City of Riverside Police and Fire Chaplains: “First responders to the first responders”
RIVERSIDE — Whether it be over a shared meal with a fire crew enjoying some down time together or at the scene of an active, critical incident, one ever-present group of dedicated individuals are guaranteed to be spotted – almost never in the foreground – observing, silently available, prepared to act as a source of strength and support to anyone who might need them in that moment.
They are the chaplains who serve their community in the form of being an always accessible resource for the firefighters, police officers, emergency communication’s dispatchers and other emergency service providers. They serve their community with compassion and a desire to help others through what could possibly be the worst day of their lives.
In a recent video produced by City of Riverside, Riverside Police and Fire Lead Chaplain Stephen Ballinger explained, “Chaplaincy is all about relationship building. It’s a ministry of presence, compassion, and silence.”
“We want to build a relationship with our officers and with their families, but we also want to build a relationship with the community,” said Ballinger, who described chaplains as “the first responders of the first responders” as well as to the community they serve.
“They’re always available to be a comforting presence for any member of our community who needs them,” Police Chief Sergio Diaz said about the City’s chaplains.
But the chaplain’s job begins long before they are needed at the scene of a crisis, it begins in the relationships they first build with those who answer the midnight call for help.
“They aren’t sitting around waiting to get called when something terrible has happened,” Diaz explained. “They are on ride-alongs, they spend time at the station, they spend time with the officers and other employees.”
City of Riverside Fire Chief Michael Moore echoed Diaz’ sentiment, explaining, “They’ve been real visible in the stations or just stopping by to have a cup of coffee or sometimes to have lunch or dinner with the crews and we feel like that’s a great value of our chaplain program.“
By spending time with those who provide the City’s emergency services before the emergencies happen, the chaplains have already become a known and integral part of the community. There is a pre-established trust and bond that can mean the difference between getting past a critical incident and just surviving it.
“These employees are exposed to so many things,” Diaz explained. “They see things that nobody should ever have to see, but at the end of the day, they’re all human beings. What they see, what they do, what they experience, does take its toll.”
“Nothing makes this terrible thing that just happened go away but maybe it’s a bit more bearable with the presence of somebody like the chaplains,” said Diaz.
Writer’s note: I, myself, benefited first hand from frequent and regular interactions with chaplain’s services, first for ten years as a soldier in the U.S. Army and later as a law enforcement officer with the Riverside County Sheriff’s Department.
Whether it was spending quality time with one of our “thrill-junkie” chaplains who used to love riding shotgun with me on busy Friday and Saturday nights while patrolling the streets of Lake Elsinore, any number of times chaplains were available to comfort family members at the scene of yet another tragic, senseless and all-too-often preventable fatal accident, or building me back up after the 2006 accident that stole the career I had loved for so long, there was always a chaplain there; ready to offer a strong shoulder to rely on or an encouraging word – usually both.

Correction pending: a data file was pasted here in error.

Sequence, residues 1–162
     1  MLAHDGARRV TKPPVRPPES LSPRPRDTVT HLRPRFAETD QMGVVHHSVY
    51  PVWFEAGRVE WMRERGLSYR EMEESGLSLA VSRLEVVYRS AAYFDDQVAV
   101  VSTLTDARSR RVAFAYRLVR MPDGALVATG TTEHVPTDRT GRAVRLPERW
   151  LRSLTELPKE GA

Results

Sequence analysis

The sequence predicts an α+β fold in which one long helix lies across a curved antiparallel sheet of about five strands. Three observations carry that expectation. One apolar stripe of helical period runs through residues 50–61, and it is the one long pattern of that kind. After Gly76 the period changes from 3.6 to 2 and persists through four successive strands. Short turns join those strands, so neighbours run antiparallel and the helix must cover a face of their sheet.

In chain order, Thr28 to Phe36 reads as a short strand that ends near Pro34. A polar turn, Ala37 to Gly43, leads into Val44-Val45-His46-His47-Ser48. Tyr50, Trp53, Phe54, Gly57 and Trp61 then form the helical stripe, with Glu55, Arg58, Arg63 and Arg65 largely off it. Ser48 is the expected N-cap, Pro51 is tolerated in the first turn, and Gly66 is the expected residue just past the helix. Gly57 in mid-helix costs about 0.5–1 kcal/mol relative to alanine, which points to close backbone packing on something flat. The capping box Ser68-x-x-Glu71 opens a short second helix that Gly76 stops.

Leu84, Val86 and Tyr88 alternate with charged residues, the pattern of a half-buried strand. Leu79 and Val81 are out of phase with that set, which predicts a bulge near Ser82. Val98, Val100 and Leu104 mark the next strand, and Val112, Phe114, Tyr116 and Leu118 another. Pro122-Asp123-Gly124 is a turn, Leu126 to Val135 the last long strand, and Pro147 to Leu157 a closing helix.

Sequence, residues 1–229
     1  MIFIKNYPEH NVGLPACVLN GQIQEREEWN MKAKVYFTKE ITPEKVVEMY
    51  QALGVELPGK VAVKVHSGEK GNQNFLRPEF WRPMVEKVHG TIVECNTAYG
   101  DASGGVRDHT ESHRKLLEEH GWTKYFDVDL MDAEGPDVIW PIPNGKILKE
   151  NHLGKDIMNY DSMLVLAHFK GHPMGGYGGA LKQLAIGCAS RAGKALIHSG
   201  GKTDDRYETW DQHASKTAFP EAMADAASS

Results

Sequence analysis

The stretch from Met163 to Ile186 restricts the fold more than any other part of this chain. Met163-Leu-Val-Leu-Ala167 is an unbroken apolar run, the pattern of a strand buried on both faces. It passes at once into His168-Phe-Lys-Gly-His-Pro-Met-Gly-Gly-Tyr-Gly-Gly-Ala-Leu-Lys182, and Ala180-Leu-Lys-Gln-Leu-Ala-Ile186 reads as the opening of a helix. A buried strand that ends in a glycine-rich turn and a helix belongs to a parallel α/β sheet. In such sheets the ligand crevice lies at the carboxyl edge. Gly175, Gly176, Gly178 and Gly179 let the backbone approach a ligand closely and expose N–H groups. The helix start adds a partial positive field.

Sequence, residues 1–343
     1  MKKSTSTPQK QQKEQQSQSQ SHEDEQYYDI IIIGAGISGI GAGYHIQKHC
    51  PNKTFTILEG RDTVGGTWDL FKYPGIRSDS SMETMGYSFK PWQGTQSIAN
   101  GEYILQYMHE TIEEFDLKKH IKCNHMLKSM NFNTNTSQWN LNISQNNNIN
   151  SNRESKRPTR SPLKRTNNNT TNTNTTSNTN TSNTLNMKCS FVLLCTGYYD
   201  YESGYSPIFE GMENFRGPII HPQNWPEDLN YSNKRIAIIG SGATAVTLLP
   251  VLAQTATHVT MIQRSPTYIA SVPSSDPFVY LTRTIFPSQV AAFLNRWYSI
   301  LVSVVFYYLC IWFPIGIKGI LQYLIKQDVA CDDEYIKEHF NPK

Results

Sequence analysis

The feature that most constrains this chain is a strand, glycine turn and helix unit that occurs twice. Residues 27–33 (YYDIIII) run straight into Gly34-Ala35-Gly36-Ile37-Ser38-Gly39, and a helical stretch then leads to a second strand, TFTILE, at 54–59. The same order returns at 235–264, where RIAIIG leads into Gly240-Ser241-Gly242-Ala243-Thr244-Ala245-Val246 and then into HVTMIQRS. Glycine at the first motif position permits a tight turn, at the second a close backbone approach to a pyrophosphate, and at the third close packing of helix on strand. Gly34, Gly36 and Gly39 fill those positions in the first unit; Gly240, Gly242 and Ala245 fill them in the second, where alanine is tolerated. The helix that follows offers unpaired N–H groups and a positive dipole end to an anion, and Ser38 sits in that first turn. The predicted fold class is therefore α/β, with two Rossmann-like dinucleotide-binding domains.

Even years after I was medically retired from the sheriff’s department, I always knew I could count on the regular phone calls from any of the several chaplains who worked with the sheriff’s department, helping me to celebrate my little victories or just helping me through the dark decade of recovery that followed my accident.
Thank you for all those phone calls, Chaplain Harley Broviak. You have no idea how much they always meant to me.
City of Riverside video
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Trevor Montgomery, who recently moved from Riverside County to Shasta County, runs Riverside County News Source and Shasta County News Source. Additionally, he writes for Riverside County based newspapers Valley News, The Valley Chronicle and Anza Valley Outlook as well as Bonsall/Fallbrook Village News in San Diego County.
Trevor spent 10 years in the U.S. Army as an Orthopedic Specialist before joining the Riverside County Sheriff’s Department in 1998. He was medically retired after losing his leg, breaking his back and suffering both spinal cord and brain injuries in an off-duty accident.
During his time with the sheriff’s department, Trevor worked at several different stations, including Robert Presley Detention Center, Southwest Station in Temecula, Hemet/Valle Vista Station, Ben Clark Public Safety Training Center and Lake Elsinore Station, along with other locations.
Trevor’s assignments included Corrections, Patrol, DUI Enforcement, Boat and Personal Water-Craft based Lake Patrol, Off-Road Vehicle Enforcement, Problem Oriented Policing Team and Personnel/Background Investigations. He finished his career while working as a Sex Crimes and Child Abuse Investigator and was a court-designated expert in child abuse and child sex-related crimes.
Trevor has been married for more than 27 years and was a foster parent to more than 60 children over 13 years. He is now an adoptive parent and has 13 children and 14 grandchildren.